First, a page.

The future of biomethane
11 min read • viewpoint

The future of biomethane

Identifying renewable, environmentally friendly substitutes for natural gas

By Lukas Vylupek, Luis del Barrio Castro, Martin Rajnoha, Matouš Zaradička, Jan Sova

Related Industries

Lukas Vylupek

Czech Republic • Partner

Spain • Partner

Martin Rajnoha

Czech Republic • Principal

Matouš Zaradička

Jan Sova


Pressure to decarbonize, green development, and geopolitical strife are straining Europe’s natural gas industry. Biomethane, a sustainable substitute to natural gas, is key to the EU’s strategy to reduce CO2 emissions and ensure supply will meet demand. Emerging regulations and new technologies have created a framework for future growth. In this Viewpoint, we explain the opportunities and obstacles for new and existing renewable energy business players.


Geopolitical upheaval and the EU’s resulting decision to move away from Russian gas have strained Europe’s capacity to supply natural gas, endangering its industries and the households reliant on gas for heating. To limit future dependence on natural gas imports from third-party countries, the EU has started to enact policies to put forward biomethane as a key substitution.

In 2018, before biomethane was the main focus, the EU adopted the second iteration of the Renewable Energy Directive (RED II), which increased renewable energy targets. Biomethane’s lack of prominence changed with two quick updates: Fit for 55 (2021) and REPowerEU (2022), which were both enacted in response to the European energy crisis (see Figure 1). Suddenly, biomethane became one of the key solutions to the decline in natural gas supply, with 2030 production targets increasing from 18 to 35 billion cubic meters (bcm) between Fit for 55 and REPowerEU, as shown in Figure 2.

Figure 1. Recent EU biogas and biomethane regulatory developments
Figure 1. Recent EU biogas and biomethane regulatory developments
Figure 2. Comparing current and EU 2030 biomethane production targets
Figure 2. Comparing current and EU 2030 biomethane production targets


An atom of carbon with four atoms of hydrogen — when looking at the molecules, there is no major difference between biomethane and natural gas. The latter is a fossil fuel stored underground for millions of years, extracted to burn and release CO2 into the atmosphere. Biomethane, on the other hand, is a type of biogas produced on the surface from plant- and animal-based residuals. These residuals generate emissions through natural decomposition. No new CO2 is released into the atmosphere, which makes biomethane a carbon-neutral fuel.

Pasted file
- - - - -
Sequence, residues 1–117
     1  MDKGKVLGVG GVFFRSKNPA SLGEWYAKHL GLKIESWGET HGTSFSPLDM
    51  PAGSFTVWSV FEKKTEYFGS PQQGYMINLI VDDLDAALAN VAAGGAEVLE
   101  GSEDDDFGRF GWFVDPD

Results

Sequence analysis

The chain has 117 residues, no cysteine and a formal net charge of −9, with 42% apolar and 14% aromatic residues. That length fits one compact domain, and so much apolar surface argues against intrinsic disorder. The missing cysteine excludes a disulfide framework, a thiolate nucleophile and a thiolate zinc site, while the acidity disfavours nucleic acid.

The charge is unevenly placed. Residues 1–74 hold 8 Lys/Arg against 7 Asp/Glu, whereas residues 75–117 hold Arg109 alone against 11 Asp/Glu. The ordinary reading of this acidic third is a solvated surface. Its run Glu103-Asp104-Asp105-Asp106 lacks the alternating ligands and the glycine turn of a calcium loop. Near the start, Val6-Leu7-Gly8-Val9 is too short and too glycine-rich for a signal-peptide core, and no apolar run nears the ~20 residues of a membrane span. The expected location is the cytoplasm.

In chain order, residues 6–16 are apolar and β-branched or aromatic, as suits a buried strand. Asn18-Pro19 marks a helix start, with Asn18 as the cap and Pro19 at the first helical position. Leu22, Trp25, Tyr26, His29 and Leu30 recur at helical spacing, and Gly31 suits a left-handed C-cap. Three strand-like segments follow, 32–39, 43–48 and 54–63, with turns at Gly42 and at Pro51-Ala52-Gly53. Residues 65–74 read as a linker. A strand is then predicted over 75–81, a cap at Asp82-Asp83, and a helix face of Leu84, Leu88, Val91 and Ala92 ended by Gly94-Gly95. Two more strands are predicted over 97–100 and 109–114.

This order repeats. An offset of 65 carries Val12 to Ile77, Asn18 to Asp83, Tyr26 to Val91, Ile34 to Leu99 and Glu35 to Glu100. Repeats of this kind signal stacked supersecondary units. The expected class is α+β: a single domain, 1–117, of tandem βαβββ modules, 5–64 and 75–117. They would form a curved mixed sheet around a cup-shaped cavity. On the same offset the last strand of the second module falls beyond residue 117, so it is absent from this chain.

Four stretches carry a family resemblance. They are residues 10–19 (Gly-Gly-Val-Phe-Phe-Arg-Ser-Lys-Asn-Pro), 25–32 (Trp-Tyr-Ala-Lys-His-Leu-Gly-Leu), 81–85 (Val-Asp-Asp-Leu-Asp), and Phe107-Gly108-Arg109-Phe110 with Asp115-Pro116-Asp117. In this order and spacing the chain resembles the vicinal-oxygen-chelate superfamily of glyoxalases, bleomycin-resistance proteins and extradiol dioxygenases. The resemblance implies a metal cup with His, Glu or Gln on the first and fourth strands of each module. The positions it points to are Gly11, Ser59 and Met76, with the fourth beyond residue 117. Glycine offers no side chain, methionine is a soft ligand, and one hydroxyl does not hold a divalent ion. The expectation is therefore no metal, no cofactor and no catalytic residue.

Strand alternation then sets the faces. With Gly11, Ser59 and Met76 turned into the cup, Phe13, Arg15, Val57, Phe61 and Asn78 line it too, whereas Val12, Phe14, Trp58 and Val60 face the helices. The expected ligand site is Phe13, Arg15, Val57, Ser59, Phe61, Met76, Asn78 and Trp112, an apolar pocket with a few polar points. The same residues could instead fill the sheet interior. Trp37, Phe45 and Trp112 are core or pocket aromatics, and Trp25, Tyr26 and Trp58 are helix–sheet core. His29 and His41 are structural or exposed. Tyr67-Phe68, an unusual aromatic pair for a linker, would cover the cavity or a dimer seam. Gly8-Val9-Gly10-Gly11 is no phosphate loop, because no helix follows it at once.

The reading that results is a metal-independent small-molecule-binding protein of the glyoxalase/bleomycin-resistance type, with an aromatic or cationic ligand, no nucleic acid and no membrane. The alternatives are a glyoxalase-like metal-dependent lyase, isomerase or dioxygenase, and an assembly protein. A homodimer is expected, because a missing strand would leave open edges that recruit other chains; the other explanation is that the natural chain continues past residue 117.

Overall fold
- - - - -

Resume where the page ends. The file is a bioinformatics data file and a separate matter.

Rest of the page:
However, all biomethanes are not created equal. The most efficient way to produce biomethane is by utilizing high-yield crops, such as corn or potatoes, but this approach is controversial: deforestation, crop monocultures, and the need for food security all go against the use of food crops for biomethane.

To prevent misuse of food crops, the EU is pushing the use of “advanced” biomethane, which is primarily produced from waste (e.g., plant residues, manure, communal waste, industrial wastewater). Subsidies, renewable targets, and certificates are the main drivers behind the promotion of advanced biomethane; so far, there are no restrictions on food-based biomethane production.

The EU remains the world’s largest producer of biogas/biomethane. Ranking the second-highest-producing region depends on specifics. China is the second-largest producer of biogas, where national policies have led to a spread of household-scale digesters whose output can be used for heating and cooking. Large-scale facilities are currently being built, but opportunities remain, given the abundance of input materials and large demand. The US is the second-largest biomethane producer, favoring landfill gas recoveries and a much larger focus on upgrading to biomethane. Other leading production hotspots across the world include Thailand (cassava waste), India (municipal waste), Brazil (landfills), and Argentina (agricultural waste). Most countries across the world have strong potential to produce biogas and biomethane thanks to the range of potential feedstocks for production.


Biomethane can be produced from various feedstocks, ranging from food crops and plant residues to sewage sludge and different kinds of waste. Despite the many possible components, the general production process for biomethane is the same across most technologies and feedstocks. The first process transforms the feedstock into biogas or syngas (synthetic gas) with a methane content of around 50%-60%. The subsequent process separates methane from the other gases, resulting in 98% pure methane.

However, there is a catch: despite similar processes, different types of feedstocks require different technologies, which are summarized in Figure 3.

The four pathways are described in more detail below.

Figure 3. Biomethane production pathways
Figure 3. Biomethane production pathways

Anaerobic digestion

A feedstock (or a mixture of feedstocks) with a high liquid content is decomposed by microorganisms into biogas. Most common technologies consist of continuous stirred-tank reactors, plug-flow (high dry content), and covered lagoons, with at least four new high-rate technologies currently under research and development. Only about 13% of the original mass is converted into gas; the remaining material is known as “digestate,” which can be used as a biofertilizer or further upgraded through separation of the digestate. As of 2021, anaerobic digestion was used by about 84% of biogas plants, making it the main type of biogas-production technology in Europe. Of these, about 74% of plants use agricultural products such as food crops, plant wastes, and manure.